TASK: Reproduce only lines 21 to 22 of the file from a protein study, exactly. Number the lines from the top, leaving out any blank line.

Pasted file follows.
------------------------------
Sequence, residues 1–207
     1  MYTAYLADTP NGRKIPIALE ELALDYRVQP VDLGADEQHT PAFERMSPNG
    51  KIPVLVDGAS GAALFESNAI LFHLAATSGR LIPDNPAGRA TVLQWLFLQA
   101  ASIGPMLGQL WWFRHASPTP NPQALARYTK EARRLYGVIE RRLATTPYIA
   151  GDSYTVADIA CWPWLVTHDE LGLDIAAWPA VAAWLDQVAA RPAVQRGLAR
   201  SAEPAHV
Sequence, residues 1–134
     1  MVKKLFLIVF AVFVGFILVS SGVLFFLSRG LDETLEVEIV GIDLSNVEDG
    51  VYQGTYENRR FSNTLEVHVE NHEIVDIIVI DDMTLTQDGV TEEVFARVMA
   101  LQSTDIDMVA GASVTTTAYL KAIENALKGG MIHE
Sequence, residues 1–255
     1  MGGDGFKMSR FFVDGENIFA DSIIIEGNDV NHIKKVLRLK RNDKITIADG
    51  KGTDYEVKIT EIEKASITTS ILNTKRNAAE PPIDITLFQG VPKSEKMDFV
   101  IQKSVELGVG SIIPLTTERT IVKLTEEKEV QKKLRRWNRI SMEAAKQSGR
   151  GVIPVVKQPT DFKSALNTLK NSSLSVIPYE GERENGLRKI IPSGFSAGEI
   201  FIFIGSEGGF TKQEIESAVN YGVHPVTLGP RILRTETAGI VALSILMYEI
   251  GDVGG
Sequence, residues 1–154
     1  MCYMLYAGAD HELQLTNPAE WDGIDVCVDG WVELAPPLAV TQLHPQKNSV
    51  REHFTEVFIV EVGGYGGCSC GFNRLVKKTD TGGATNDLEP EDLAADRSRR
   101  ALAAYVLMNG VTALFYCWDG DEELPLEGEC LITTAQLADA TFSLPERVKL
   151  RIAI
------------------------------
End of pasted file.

   101  ALAAYVLMNG VTALFYCWDG DEELPLEGEC LITTAQLADA TFSLPERVKL
   151  RIAI